An effectively structured interview can quickly uncover the common characteristics of most top performers. Here are some qualities to consider when meeting with a potential employee:
You can develop a profile of every candidate to measure past performance and predict future achievement with a four-question interview. This was originally created by Lou Adler, President of The Adler Group, a training and consulting firm that assists companies in obtaining more top talent by implementing performance-based hiring.
These four questions are designed to highlight candidates' past accomplishments as they relate to the position for which they are applying.
While listening to the responses, focus on the candidate's individual, team and job specific efforts. The questions themselves are designed to let you do your fact-finding while revealing the significant details of each accomplishment.
1. What's been your most significant accomplishment in each of your past two or three jobs?
2. For each of your past two or three jobs, I'd like you to sketch out an organizational chart. Can you tell me about your most significant team or management achievement in those positions?
3. One of our key objectives for the person who is offered this position will be to (enter objective). Can you tell me about your most important comparable accomplishments?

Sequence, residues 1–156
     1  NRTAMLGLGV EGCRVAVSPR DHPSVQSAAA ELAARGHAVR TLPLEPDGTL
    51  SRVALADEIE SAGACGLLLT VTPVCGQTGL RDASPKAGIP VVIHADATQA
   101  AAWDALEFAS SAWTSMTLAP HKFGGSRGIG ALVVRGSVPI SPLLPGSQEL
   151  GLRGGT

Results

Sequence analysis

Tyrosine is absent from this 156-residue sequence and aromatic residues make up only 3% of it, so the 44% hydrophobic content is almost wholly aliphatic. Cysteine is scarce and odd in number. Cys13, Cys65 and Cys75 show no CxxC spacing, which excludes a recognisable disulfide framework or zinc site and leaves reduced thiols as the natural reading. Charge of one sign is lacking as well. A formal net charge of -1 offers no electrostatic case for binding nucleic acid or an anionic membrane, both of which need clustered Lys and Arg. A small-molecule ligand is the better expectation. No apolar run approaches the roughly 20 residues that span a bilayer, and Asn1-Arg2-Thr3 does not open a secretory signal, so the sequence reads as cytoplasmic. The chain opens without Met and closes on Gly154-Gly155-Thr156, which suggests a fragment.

4. If you were offered this position, how would you go about implementing (describe top two or three performance objectives your organization has established for the position)?
Does this process sound simple? It is - and it takes about an hour. If you like what you hear from your candidate, here's a follow-up question to ask:
5. Although we're meeting with some other fine candidates, I believe you have a strong background. We'd like to get back to you in a few days. What are your thoughts now about this position?
This expresses your ongoing interest in the candidate. It also expands the interview to include more information about the candidate's interest in your company. You'll find this question reveals issues and ideas you will explore during your next - and more than likely final - interview with the candidate before making a decision.
If you think the candidate has the intelligence, motivation, attitude and the ability to take directions that meet the needs of your organization, and the individual's accomplishments solidify this notion, then you have truly found the right person for the job. With the candidate on board, there's no doubt your merchant services business will thrive as a result.
Curt Hensley is the founder, Chief Executive Officer and President of CSH Consulting (www.cshconsulting.com), a recruiting firm exclusively focused on the payments industry. He and his leadership team have over 50 years of combined experience in recruiting and merchant acquiring. This niche focus and deeply-rooted expertise have made it possible for CSH to have placed more than 1,000 professionals over the past seven years. Contact Curt at 480-315-8800 or firstname.lastname@example.org.